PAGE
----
Saturday, February 28, 2009

My derailleur is frozen!

So, it was cold out today, but the sun was out, so I took off for a ride on the trails. Yah!

I rode a trail that has a bunch of short but steep hills. After about 15 miles, I'd been riding on a flat portion for a while and had turned around to go back over the hilly area. I was just starting to truck up a steep one when I tried to shift my front gear down. But nothing happened! I thought, "Oh no! What broke?!"

I got off the bike and took a look. It turns out that the whole front derailleur was caked in ice and wouldn't move. How funny is that?!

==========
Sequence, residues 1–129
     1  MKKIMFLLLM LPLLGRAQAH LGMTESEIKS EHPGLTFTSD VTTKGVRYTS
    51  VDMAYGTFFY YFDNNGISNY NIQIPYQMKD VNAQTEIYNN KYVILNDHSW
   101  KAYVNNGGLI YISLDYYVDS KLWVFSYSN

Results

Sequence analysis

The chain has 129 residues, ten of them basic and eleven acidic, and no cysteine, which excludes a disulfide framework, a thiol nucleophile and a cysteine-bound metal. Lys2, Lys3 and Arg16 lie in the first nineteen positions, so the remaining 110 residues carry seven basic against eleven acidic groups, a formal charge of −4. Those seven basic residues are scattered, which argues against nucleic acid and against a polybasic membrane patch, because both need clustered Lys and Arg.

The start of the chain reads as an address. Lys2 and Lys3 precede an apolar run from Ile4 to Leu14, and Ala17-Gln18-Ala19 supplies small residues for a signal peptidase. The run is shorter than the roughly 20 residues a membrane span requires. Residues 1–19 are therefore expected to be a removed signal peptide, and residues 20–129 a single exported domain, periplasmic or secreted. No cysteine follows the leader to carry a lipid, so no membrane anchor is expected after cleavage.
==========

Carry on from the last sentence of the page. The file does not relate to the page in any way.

So I rode the rest of the hills with the ability to change only the rear gears (the front was on the largest, of course). I did finish 21.5 miles before it started getting dark (I had wanted to do 29 today, but oh well.)

Frozen bike parts is a peril of winter riding that I have never encountered before. Note to self: When it's cold and you go through puddles, shift often - even if you don't need to - just to keep the moving parts from freezing solid!

1 comment:

  1. Welcome to winter cycling. Frozen derailleurs - especially the front - are just part of the biz. I actually used to just completely remove the front derailleur from my winter commuting bike (before I just went singlespeed...) because it was always frozen. Frozen rear derailleurs you can usually break free with your hands...

    Frozen hubs, however, are just frustrating, unpredictable, and the leave you stranded..